The fields on the worldsheet

What are the degrees of freedom of a heterotic string? Let us talk in terms of the light-cone gauge degrees of freedom which is useful because all excitations of the strings are physical and we don't have to investigate who is a ghost. The left-moving portion of the heterotic string is inherited from the bosonic string and it has D-2=24 bosons in the light-cone gauge.

The right-moving portion of the heterotic string is inherited from the ten-dimensional type I/II superstring and it has D-2=8 bosons and 8 fermions (either Green-Schwarz or Ramond-Neveu-Schwarz) in the light cone gauge. Keep D-2=2 bosons on each side - corresponding to the transverse part of the four spacetime dimensions that we normally observe - and transform all remaining degrees of freedom into fermions, knowing that one boson is equivalent to two fermions.

In the left-moving sector, you will have 2x22=44 fermions while in the right-moving sector, you will have 2x6+8=20 fermions. In total, there are 64 real chiral fermions living on the worldsheet. They can play different roles and you must impose the proper generalized GSO conditions and include all the sectors where some fields are periodic and others are antiperiodic (or have a different phase as the monodromy).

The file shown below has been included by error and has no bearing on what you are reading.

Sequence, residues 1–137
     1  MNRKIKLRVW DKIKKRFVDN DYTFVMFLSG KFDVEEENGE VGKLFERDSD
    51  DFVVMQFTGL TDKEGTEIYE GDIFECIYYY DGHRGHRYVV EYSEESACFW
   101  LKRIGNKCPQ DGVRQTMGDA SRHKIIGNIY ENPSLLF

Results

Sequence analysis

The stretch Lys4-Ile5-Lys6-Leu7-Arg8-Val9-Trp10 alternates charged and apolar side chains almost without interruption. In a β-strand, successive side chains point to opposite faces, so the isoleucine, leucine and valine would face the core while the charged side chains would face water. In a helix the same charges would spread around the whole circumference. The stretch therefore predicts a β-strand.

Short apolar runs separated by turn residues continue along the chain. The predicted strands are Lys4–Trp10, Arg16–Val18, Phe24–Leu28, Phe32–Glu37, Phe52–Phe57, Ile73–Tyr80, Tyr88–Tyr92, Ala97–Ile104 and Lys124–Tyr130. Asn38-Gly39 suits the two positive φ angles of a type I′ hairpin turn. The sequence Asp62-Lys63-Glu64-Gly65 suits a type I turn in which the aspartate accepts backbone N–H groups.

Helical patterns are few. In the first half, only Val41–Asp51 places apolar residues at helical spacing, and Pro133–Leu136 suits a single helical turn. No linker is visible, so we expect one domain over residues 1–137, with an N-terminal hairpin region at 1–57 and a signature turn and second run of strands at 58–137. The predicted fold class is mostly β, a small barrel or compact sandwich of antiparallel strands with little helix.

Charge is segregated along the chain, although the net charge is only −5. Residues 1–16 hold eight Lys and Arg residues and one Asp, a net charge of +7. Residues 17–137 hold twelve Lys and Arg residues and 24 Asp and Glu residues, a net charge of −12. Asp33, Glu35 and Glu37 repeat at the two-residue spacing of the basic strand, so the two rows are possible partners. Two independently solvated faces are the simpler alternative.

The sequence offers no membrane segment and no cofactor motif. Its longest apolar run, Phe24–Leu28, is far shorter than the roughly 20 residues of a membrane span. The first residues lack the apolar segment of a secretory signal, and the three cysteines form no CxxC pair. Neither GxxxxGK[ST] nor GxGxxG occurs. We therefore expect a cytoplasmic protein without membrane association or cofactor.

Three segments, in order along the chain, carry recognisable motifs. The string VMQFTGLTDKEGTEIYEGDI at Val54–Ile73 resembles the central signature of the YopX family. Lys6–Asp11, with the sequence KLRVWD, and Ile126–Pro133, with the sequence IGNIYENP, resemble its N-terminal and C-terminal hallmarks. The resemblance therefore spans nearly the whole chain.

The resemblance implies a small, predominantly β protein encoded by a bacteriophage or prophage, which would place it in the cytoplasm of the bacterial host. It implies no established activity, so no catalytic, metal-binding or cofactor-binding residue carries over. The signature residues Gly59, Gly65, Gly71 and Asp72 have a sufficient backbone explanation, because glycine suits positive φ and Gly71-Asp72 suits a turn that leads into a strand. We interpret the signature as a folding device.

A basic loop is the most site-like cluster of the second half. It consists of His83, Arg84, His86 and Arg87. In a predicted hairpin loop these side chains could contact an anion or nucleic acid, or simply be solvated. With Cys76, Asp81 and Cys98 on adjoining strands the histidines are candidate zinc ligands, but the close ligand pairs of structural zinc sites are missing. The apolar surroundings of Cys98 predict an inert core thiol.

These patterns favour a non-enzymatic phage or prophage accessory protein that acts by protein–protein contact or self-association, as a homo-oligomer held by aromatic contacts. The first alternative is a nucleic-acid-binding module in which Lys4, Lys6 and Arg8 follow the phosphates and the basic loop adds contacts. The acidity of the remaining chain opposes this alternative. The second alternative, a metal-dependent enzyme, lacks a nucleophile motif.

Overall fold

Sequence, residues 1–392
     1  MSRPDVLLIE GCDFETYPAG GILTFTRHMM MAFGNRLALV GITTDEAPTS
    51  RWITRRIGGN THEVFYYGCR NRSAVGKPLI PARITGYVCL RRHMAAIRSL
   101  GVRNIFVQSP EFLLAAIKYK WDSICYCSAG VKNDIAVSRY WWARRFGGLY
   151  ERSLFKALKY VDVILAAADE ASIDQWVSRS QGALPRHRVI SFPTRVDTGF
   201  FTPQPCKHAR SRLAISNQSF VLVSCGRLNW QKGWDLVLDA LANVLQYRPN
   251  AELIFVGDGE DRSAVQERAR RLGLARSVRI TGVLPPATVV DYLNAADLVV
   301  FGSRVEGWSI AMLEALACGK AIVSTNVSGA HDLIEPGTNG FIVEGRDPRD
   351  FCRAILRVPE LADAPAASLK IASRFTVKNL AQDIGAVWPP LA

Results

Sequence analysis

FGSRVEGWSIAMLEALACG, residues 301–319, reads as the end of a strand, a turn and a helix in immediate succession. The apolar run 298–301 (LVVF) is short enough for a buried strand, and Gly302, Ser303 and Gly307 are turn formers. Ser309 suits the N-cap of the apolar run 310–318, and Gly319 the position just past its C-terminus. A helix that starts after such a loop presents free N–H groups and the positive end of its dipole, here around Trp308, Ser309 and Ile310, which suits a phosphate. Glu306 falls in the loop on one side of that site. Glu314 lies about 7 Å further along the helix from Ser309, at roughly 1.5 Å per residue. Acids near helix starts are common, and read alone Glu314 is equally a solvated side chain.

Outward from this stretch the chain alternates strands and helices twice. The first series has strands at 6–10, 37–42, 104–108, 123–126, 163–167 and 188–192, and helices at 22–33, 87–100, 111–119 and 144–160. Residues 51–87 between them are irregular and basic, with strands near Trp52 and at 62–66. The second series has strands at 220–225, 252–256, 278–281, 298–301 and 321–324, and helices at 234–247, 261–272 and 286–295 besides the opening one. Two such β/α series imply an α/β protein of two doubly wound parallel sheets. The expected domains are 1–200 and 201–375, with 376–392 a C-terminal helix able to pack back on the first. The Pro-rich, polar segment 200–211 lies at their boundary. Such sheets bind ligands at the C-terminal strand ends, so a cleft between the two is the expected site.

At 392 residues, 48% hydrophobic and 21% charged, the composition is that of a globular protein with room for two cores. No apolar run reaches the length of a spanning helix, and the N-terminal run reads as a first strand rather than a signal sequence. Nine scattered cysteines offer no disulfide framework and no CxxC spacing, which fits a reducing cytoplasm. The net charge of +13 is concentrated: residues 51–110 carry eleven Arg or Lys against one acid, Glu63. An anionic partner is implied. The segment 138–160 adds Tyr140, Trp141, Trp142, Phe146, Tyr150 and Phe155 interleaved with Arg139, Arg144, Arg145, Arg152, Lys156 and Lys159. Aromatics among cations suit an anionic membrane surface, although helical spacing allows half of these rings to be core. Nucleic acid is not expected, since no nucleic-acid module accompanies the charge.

The GSO projections and sectors

The overall GSO projection must always be there, for modular invariance, but to get semi-realistic four-dimensional vacua, you also include some other projections that give rise to sectors where some groups are periodic and others are antiperiodic. When you choose a certain set of GSO projection operators, the so-called NAHE set - named after Nanopoulos, Antoniadis, Hagelin, Ellis - you will naturally end up with three-generation models similar to supersymmetric grand unified theories.

NAHE means "pretty" in Hebrew while NAHÉ means "naked" in Czech and the characters who invented this gadget are very interesting. For example, John Hagelin became a U.S. presidential candidate representing the spiritual interests of Maharishi Mahesh-Yogi.